On why children's talent shows like 'The Voice Kids' are problematic

The contestants lose in such a public way, on television, with the added garnish of that moment being preserved in the digital sphere forever

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I have come to realise that children's talent shows are not for the faint of heart. Sure, there is a lot to enjoy– each week, a bunch of fresh-faced youngsters appear on our television screens, singing their hearts out in an endearing display of innocence.

It serves as a reminder to those adults out there of a time devoid of fear and living in the moment, even if it is just a front.

Having been an entertainment journalist for the best part of a decade, I have covered my fair share of young-talent competitions, from music, food and fashion to egg-and-spoon races at local schools back in Australia. I participated in one such race with a 7-year-old student and subsequently dropped the egg after four steps – his disappointed look still haunts me occasionally.

Let me tell you something: from TV talent shows to local events, these tykes are often quaking in their boots. And when the disappointment comes, as it surely does, it hits hard.

This was all very apparent at the live telecast of the final episode of The Voice Kids in Beirut that I attended last week. Don't get me wrong, it was a great show, super-slick, and Moroccan winner Hamza Lebyed deserved to take the crown thanks to his mountainous 10-year-old voice. But away from the cameras, in the dark corners of the studio, it was a different story, with many contestants wrestling with this newfound notion of defeat. Some handled it through quivering lips, while others couldn't stop the tears.

One of the judges, Egyptian pop star Tamer Hosny, said such experiences are ultimately beneficial to the young contenders. That early taste of defeat and competitive spirit, he reasoned, will arm them with the steely resolve to handle life's future blows.
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Now that may well be true, and surely that child who lost the egg-and-spoon race would be over it by now, but losing in such a public way, on television, with the added garnish of that moment preserved in the digital sphere forever, is quite another thing.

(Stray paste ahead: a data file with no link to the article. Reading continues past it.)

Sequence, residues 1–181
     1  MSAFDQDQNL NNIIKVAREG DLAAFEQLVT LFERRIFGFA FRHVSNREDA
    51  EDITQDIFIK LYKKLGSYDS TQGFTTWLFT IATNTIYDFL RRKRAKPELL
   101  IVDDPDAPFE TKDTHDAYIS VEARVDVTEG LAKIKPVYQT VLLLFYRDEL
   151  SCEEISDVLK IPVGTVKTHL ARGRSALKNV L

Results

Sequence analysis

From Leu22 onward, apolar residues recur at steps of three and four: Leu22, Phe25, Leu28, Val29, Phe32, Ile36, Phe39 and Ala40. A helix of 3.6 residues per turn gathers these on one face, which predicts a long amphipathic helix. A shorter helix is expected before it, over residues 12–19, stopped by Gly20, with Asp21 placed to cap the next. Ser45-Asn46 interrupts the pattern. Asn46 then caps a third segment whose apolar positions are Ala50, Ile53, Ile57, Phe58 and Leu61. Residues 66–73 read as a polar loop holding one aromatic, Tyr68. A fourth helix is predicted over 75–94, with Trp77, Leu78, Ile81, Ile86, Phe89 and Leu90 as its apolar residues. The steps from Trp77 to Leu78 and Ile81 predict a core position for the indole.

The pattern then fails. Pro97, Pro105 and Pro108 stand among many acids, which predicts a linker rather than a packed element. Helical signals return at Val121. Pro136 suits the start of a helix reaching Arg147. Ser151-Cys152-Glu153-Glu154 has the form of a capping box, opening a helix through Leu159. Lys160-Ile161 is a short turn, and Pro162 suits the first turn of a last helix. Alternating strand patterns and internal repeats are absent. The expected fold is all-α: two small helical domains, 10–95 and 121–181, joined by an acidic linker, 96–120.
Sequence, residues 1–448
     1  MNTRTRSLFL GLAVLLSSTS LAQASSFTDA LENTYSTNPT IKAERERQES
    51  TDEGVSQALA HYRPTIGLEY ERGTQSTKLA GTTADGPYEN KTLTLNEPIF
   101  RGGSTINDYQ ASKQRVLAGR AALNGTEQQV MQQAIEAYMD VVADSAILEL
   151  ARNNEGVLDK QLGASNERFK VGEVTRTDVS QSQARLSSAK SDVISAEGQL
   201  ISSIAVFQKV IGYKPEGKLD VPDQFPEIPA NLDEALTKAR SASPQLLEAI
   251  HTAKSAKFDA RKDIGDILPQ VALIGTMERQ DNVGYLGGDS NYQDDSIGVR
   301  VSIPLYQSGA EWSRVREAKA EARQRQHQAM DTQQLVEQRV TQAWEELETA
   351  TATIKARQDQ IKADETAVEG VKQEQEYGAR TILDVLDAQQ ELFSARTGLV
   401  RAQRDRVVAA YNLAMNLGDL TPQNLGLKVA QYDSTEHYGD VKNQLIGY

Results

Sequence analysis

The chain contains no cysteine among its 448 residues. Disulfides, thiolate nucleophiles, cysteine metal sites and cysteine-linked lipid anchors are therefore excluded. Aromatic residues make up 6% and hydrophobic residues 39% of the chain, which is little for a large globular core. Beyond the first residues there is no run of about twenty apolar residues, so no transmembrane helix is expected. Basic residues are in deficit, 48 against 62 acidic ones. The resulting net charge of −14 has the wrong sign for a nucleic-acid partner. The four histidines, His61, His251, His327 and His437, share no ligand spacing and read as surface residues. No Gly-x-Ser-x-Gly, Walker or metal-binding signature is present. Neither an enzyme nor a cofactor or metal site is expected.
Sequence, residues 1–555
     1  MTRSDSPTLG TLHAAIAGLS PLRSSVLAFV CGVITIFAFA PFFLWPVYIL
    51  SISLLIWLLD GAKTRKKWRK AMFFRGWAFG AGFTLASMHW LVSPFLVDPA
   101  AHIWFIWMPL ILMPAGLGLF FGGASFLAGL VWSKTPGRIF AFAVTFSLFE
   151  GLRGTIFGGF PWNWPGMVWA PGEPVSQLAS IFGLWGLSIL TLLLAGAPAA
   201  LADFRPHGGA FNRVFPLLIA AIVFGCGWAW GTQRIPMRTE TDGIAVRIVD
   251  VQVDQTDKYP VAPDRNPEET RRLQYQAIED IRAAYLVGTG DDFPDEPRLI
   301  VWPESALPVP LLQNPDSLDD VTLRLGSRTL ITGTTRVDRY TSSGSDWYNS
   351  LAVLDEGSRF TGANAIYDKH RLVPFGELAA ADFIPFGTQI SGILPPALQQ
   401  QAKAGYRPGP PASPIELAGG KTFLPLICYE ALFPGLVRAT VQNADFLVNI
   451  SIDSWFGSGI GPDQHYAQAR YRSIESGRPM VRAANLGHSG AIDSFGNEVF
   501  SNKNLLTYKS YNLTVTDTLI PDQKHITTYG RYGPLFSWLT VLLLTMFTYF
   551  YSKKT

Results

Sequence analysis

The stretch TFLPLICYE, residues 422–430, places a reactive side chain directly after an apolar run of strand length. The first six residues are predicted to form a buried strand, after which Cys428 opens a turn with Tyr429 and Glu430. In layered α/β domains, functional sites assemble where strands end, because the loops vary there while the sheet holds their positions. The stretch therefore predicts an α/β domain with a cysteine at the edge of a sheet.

Hosny told the gathering press that part of the competition’s appeal is that it treats children as adults – as if that is a good thing.

I believe children should be treated as they are – the fact that they view daily life with the wonder of a flower opening should be celebrated, not quashed for the sake of expedited maturity. There will be time for that, believe me.

My sister is almost 15 and, during her recent visit to Abu Dhabi, I secretly mourned that this age can be a time when hurtful words stick. It is the time where newly accumulated disappointments begin to hover in our conscience, instead of being left in the past. And that is only if you lose. Winning can pose its own share of challenges.

The entertainment industry is full of tragic tales of child stars going off the rails due to stress – and many of them did so before the age of social media.

One man who knows all about this is Seong-Jin Cho. The South Korean pianist, and one of the newest stars of the classical music world, concluded his second and final show in the capital last night as part of Abu Dhabi Classics. The 23-year-old's success has come on the back of winning a string of competitions that began as a child. With all that acclaim and success, he is unambiguous about that experiences. "I hate competitions," he told me. "If it was up to me, I would never do one."